This research describes the system RAPTURE, which is designed to revise rule bases expressed in certainty-factor format. Recent studies have shown that learning is facilitated when biased with domain-specific expertise, and have also shown that many real-world domains require some form of probabilistic or uncertain reasoning in order to successfully represent target concepts. RAPTURE was designed to take advantage of both of these results.
Beginning with a set of certainty-factor rules, along with accurately-labelled training examples, RAPTURE makes use of both symbolic and connectionist learning techniques for revising the rules, in order that they correctly classify all of the training examples. A modified version of backpropagation is used to adjust the certainty factors of the rules, ID3's information-gain heuristic is used to add new rules, and the Upstart algorithm is used to create new hidden terms in the rule base.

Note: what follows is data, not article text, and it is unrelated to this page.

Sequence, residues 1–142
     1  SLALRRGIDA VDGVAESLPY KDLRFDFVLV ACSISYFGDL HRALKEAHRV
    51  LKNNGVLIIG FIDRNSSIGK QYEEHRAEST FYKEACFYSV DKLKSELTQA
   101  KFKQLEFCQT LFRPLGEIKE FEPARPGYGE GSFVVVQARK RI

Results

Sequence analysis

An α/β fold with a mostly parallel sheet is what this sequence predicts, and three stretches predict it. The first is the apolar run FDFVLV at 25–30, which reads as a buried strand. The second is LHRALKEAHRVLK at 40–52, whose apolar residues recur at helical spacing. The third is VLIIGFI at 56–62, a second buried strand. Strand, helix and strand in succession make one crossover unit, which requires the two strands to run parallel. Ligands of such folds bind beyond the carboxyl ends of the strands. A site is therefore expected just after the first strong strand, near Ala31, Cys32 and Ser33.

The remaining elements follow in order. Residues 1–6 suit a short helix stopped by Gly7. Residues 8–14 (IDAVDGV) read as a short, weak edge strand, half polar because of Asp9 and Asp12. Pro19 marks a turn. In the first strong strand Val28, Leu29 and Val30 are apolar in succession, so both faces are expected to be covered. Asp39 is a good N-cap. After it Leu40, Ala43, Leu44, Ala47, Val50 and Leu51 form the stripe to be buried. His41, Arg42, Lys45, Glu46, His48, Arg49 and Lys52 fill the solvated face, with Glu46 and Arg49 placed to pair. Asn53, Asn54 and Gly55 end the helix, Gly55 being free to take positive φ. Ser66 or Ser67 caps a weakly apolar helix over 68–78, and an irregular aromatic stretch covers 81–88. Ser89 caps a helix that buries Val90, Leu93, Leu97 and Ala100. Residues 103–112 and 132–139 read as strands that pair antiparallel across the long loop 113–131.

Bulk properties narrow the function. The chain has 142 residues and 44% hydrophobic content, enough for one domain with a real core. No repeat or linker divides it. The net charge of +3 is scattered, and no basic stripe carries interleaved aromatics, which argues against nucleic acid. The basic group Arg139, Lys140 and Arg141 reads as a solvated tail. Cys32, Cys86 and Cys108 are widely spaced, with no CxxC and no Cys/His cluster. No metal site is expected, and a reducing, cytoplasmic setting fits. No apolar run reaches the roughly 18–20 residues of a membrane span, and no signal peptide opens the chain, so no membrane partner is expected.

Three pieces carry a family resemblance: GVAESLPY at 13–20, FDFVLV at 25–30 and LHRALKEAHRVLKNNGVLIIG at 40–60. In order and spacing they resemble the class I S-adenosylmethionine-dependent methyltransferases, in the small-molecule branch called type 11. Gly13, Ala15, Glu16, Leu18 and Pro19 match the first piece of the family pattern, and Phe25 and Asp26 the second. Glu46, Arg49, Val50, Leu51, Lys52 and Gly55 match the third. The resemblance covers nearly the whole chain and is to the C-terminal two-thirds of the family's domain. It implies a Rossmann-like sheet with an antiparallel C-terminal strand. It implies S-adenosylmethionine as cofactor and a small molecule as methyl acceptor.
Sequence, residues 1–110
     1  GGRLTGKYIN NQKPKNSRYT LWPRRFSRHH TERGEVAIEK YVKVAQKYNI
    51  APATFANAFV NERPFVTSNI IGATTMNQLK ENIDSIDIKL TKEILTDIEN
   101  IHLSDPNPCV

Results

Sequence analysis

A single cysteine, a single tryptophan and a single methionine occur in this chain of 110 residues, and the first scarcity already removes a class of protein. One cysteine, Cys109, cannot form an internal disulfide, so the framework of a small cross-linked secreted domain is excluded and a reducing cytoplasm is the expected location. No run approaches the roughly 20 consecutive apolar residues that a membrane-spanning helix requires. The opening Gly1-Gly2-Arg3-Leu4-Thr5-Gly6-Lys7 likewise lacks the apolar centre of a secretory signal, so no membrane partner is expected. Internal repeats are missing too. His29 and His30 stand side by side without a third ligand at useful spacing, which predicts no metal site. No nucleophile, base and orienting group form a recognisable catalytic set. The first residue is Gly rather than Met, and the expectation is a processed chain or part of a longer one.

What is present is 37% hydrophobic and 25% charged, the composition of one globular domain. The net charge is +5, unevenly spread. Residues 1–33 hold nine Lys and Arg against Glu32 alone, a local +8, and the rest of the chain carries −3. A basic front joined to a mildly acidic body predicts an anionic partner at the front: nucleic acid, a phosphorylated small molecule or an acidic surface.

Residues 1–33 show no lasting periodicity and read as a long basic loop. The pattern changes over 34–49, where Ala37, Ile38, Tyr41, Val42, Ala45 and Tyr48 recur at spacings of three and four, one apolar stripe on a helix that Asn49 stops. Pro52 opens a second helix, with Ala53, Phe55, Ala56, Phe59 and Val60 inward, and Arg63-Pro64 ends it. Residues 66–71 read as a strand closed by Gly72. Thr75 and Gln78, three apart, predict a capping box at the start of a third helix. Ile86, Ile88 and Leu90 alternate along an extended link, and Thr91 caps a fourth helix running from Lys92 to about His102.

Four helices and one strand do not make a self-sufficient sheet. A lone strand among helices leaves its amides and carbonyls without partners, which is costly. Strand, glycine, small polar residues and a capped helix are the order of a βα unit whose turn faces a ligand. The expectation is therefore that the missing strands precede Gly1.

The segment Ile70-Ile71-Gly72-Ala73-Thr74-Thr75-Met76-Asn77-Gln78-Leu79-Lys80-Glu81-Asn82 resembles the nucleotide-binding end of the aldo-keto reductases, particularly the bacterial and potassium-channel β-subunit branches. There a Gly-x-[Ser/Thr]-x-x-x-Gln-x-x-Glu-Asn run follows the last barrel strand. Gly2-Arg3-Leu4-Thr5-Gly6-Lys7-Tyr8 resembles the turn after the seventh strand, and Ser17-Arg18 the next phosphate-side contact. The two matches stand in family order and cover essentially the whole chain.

Results on refining four real-world rule bases are presented that demonstrate the effectiveness of this combined approach. Two of these rule bases were designed to identify particular areas in strands of DNA, one is for identifying infectious diseases, and the fourth attempts to diagnose soybean diseases. The results of RAPTURE are compared with those of backpropagation, C4.5, KBANN, and other learning systems. RAPTURE generally produces sets of rules that are more accurate that these other systems, often creating smaller sets of rules and using less training time.
PhD Thesis, Department of Computer Sciences, University of Texas at Austin, May 1996. 113 pages.